A study by the University of Georgia found a connection between the traumatic experiences of parents in childhood and their failure to transfer emotional skills to their children. This topic is so important because it shows how neglect in childhood can affect entire future generations.
Two studies that look at the power of trauma
Holocaust survivors are an example of how memories can become a lifelong burden. But now, Dr Hendrix, lead researcher on the possibilities of pregnancy transferring trauma and her team, have shown that children who are born to mothers with trauma have a higher likelihood of experiencing it themselves.
Now, researchers look at the impact of abused parents on children
It is most important for parents to teach a child emotional skills, but what happens if the parents themselves do not have them?
Parents who have suffered abuse have difficulty passing on the necessary emotional skills to their child, and as children emulate their parents, they may also have difficulty regulating their own emotions when exposed to stress.This can affect all their future relationships.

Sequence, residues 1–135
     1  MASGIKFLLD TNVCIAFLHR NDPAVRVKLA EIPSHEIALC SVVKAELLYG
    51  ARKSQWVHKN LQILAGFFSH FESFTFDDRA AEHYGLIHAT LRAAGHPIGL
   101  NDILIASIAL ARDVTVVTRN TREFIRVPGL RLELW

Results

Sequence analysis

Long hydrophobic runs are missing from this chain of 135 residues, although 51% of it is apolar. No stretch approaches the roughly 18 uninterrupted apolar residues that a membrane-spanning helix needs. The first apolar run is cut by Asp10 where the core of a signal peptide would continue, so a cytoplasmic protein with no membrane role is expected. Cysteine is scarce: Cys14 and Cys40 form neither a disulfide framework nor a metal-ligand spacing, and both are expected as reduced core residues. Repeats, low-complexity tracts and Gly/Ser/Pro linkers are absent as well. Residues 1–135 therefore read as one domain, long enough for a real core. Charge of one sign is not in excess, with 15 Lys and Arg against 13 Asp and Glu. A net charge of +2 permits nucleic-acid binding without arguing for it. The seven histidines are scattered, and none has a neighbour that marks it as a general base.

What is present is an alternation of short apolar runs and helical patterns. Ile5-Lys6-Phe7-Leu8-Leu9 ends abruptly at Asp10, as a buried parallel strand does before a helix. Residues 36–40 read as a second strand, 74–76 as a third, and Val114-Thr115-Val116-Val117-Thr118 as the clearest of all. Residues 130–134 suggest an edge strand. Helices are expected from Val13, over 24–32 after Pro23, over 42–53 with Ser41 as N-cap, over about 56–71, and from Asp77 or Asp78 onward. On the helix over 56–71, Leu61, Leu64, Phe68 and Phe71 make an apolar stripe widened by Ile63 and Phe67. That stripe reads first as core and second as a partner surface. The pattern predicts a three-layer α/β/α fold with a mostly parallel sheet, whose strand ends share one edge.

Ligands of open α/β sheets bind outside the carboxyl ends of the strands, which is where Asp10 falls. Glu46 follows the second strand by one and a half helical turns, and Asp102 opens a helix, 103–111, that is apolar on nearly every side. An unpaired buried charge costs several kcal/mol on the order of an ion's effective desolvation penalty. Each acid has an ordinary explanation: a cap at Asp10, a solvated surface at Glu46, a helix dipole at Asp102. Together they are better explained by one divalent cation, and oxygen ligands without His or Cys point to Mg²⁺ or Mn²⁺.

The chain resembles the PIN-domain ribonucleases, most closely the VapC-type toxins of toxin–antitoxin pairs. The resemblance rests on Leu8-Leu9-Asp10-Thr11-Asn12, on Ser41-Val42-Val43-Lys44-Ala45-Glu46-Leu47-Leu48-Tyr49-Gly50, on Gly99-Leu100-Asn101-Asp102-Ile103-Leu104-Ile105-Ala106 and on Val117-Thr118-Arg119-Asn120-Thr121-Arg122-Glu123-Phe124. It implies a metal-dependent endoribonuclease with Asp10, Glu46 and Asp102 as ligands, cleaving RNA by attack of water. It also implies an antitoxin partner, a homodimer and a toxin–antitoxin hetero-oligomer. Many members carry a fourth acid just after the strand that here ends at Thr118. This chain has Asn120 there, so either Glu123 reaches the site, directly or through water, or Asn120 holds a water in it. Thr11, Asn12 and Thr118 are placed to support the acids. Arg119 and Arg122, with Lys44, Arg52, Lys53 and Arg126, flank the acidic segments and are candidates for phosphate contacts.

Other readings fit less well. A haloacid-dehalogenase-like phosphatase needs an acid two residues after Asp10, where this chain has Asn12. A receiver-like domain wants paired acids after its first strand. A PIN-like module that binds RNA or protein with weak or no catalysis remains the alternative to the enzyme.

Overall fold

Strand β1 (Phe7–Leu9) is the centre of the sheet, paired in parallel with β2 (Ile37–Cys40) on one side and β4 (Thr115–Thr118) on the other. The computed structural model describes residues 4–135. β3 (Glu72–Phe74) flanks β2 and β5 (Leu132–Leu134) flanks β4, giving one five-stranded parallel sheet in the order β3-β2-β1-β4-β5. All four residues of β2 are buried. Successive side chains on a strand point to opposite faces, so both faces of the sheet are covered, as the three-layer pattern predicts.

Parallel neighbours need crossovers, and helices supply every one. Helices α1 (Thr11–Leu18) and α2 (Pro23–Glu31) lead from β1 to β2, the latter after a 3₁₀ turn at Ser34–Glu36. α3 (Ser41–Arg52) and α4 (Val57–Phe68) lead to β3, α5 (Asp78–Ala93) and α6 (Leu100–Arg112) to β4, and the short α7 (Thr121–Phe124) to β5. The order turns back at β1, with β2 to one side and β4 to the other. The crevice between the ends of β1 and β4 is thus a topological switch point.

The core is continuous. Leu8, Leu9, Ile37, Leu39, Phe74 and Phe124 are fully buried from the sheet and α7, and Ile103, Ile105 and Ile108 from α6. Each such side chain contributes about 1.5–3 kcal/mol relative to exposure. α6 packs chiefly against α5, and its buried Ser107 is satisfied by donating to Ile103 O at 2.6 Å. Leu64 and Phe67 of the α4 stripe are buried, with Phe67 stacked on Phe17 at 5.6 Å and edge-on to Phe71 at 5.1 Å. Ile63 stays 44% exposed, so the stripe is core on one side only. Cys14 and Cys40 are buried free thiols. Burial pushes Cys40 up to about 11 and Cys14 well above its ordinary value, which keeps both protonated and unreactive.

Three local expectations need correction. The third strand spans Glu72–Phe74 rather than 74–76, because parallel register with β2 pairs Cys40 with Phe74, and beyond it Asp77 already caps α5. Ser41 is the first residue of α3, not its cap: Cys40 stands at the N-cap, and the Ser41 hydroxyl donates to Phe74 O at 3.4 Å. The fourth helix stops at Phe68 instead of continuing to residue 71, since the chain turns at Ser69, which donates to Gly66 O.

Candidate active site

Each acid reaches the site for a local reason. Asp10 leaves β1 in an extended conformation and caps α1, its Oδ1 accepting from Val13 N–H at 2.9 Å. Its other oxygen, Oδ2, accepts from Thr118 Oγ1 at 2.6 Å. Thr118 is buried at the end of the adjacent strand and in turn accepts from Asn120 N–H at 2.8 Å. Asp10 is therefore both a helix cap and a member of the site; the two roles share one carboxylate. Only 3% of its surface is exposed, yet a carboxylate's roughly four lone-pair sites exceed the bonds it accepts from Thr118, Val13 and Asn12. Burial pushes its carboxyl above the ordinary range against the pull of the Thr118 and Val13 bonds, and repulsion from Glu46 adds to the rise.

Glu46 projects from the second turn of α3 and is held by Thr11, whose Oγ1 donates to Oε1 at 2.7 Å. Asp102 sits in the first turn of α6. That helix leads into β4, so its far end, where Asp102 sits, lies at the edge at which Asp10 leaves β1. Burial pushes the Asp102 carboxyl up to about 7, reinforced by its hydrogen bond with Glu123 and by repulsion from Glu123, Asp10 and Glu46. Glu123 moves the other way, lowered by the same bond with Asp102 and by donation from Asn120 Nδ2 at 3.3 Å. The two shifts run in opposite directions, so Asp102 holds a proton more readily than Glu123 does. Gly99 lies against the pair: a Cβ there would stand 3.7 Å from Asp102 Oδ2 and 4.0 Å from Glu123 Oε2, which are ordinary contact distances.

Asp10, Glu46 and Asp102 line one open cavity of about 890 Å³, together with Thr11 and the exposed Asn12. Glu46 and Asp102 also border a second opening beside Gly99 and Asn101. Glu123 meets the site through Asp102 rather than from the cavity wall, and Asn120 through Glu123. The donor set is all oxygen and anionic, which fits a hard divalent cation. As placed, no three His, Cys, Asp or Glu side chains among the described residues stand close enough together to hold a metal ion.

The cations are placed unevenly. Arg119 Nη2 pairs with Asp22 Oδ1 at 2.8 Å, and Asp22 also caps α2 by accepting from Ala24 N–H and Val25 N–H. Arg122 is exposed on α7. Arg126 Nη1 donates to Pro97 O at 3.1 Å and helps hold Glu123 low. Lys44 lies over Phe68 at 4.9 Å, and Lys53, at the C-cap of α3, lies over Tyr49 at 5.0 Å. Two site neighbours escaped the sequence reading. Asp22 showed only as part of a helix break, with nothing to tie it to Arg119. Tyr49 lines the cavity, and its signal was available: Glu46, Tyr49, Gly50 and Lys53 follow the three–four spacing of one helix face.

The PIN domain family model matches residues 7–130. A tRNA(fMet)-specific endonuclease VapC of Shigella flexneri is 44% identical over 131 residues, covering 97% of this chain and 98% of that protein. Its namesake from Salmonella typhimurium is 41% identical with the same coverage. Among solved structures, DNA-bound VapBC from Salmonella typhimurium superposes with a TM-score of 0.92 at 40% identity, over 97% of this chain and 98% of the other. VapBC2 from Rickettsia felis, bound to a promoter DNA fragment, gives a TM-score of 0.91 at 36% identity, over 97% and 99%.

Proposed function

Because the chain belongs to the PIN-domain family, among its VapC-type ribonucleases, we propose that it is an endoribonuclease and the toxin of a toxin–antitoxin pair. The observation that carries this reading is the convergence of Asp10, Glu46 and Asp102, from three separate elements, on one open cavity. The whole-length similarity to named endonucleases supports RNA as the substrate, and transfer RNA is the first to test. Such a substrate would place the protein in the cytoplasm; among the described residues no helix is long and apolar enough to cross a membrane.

‘It’s harder to train someone to manage their emotions later in life’
According to Kimberly Osborne, it’s a lot harder to train someone to manage their emotions later in life, so understanding of transmission pathways and the risks of regulation difficulties later in life, can help break the pattern.
Boys struggled more with emotional regulation than girls
The study found that boys were specifically more vulnerable to emotional regulation difficulties when their parents also struggled with emotion regulation.